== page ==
Skip to main content

veneer bubble, blisterA close-up of a blistered veneer surface. adamrice, Flickr

Got trouble with wood veneer bubbles? Smooth them out in a few simple steps.

Veneer is a thin layer of wood, usually less than 3 mm thick, that is glued to a piece of solid wood, medium-density fiberboard or particle board. It is used primarily on furniture, but can also be used to cover kitchen cabinets, countertops, floors, and even home decor.

Over time, especially with older furniture, the glue can no longer hold the veneer, This resulting in blistering or bubbling of the surface.

Tired of looking at those unsightly bumps? If the veneer is still in decent shape, this is an easy fix. You may be able to flatten a small blister by applying some heat, which can reactivate the glue. Here are the steps:

1. Place a sheet of wax paper and smooth cardboard atop the blistered surface, then lay a clean cloth over the cardboard.

2. Using an iron on medium heat, iron the surface firmly -- but be careful not to iron the veneer directly or it could burn. The paper, cloth and cardboard will act as a buffer.

3. After a few minutes, check the veneer and if the blisters are no longer visible, place a heavy item on the surface, such as a book and leave it on for 24 hours.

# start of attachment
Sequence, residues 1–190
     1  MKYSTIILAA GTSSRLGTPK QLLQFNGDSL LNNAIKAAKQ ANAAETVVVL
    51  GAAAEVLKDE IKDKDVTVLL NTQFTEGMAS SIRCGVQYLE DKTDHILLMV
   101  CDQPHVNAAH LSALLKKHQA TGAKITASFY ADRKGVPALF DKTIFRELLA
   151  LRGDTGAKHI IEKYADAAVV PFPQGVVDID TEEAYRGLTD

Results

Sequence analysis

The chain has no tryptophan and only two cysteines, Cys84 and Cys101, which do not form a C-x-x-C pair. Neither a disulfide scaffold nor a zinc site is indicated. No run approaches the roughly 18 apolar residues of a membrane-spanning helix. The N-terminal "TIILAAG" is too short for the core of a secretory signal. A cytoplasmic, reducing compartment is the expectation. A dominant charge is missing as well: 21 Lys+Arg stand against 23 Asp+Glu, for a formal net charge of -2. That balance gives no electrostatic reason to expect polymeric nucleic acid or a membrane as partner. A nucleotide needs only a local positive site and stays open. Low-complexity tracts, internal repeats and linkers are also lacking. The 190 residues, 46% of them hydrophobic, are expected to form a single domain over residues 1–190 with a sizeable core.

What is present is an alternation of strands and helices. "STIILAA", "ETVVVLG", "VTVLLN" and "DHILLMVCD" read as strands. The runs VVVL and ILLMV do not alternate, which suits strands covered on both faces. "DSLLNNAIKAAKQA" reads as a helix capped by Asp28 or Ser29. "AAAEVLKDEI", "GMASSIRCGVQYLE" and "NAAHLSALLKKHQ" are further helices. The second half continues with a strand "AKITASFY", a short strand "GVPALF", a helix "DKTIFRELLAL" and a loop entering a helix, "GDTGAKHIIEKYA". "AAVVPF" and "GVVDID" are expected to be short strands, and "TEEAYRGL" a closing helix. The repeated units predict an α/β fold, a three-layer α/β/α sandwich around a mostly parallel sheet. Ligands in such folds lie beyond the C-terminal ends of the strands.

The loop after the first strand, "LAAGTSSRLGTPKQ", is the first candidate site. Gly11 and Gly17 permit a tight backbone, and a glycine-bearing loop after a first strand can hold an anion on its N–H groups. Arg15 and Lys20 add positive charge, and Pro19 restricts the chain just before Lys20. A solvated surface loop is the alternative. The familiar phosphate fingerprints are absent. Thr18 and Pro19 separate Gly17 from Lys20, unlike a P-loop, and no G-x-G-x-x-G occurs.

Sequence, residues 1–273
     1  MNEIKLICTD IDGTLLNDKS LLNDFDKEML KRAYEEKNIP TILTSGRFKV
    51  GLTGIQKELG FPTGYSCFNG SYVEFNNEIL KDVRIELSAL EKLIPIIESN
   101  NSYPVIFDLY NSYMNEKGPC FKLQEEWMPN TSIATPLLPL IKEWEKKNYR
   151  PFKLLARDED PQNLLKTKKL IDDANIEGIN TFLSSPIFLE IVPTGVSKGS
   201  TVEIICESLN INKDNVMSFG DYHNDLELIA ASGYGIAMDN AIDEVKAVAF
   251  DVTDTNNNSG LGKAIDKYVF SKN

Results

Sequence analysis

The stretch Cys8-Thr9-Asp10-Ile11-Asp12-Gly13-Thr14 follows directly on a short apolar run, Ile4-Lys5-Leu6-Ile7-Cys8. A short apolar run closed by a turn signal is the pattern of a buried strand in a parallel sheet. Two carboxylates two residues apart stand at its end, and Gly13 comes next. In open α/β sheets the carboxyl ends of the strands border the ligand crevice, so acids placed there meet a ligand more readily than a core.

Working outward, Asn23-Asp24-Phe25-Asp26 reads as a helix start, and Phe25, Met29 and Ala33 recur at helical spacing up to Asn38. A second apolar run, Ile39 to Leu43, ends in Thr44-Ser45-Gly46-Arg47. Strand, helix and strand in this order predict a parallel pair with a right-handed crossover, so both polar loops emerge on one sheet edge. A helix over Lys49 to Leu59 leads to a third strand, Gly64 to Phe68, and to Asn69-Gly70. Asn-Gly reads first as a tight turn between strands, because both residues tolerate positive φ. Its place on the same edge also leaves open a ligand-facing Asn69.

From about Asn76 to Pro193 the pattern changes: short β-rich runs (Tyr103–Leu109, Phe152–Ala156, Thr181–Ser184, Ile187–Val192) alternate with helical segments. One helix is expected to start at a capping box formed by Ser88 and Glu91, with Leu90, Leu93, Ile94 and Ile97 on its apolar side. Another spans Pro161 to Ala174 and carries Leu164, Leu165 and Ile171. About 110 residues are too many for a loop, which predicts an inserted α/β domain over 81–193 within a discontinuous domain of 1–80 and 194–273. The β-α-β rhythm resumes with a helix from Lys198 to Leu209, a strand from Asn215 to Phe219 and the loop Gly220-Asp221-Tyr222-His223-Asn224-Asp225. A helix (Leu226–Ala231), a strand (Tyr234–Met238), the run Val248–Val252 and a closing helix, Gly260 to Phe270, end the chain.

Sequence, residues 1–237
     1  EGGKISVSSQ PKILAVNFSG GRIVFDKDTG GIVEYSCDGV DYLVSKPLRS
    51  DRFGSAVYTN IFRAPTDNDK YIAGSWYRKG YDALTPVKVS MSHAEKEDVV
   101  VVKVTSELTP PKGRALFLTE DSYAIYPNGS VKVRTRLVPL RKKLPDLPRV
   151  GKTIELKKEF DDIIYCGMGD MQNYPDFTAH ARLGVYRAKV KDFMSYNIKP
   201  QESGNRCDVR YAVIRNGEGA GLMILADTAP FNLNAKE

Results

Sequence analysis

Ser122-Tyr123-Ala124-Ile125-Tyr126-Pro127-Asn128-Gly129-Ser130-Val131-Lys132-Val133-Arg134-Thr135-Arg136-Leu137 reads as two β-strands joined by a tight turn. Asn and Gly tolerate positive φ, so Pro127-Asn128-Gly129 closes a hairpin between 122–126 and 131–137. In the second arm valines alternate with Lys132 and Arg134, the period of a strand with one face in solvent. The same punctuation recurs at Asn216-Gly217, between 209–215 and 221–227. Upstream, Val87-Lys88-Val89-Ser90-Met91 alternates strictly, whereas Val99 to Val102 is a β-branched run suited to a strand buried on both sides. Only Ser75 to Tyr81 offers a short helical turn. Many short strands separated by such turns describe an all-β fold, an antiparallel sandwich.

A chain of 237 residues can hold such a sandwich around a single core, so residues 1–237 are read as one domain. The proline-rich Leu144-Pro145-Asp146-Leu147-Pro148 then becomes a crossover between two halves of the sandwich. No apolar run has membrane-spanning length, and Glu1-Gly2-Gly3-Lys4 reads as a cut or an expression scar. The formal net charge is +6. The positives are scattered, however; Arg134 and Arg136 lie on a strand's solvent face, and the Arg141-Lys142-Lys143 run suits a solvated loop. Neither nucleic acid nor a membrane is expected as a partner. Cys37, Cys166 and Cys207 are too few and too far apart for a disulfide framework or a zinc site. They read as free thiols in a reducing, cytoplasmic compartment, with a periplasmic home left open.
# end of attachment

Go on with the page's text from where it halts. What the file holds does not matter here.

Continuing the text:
If this doesn't work or if you have larger-sized blisters, take the following steps to repair:

1. First, slit the blister open with a razor or utility knife.

2. Left the veneer up gently with a knife and using a toothpick, apply a small amount carpenter's glue into the blister.

3. Press the veneer firmly back into place and wipe off any excess glue with a damp cloth. Cover it with wax paper and a heavy book for at least 24 hours.

4. Apply 1-2 coats of wax, varnish or oil to keep your veneer looking fresh.

To keep your veneer from further damage, avoid placing hot or moist items on the surface, as this can soften and deactivate the glue.


  • Judy G

    Does this work with laminated flooring?

    Reply
  • micky eggs

    i've been using club soda and a damp hand towel with an iron set on high to get sots out of furniture fabric and rugs. this easy fix is a definite winner just find out what glue you should use

    Reply
  • 2 Comments / 1 Pages
Advertisement

Follow Us

  • No features currently available.

  • More Hot Topics The Daily Fix  •  DIY Warrior  •  Home Ec  •  Handmade
    DIY Disaster Doctor  •  In the Workshop  •  Product Picks

    Home Improvement Videos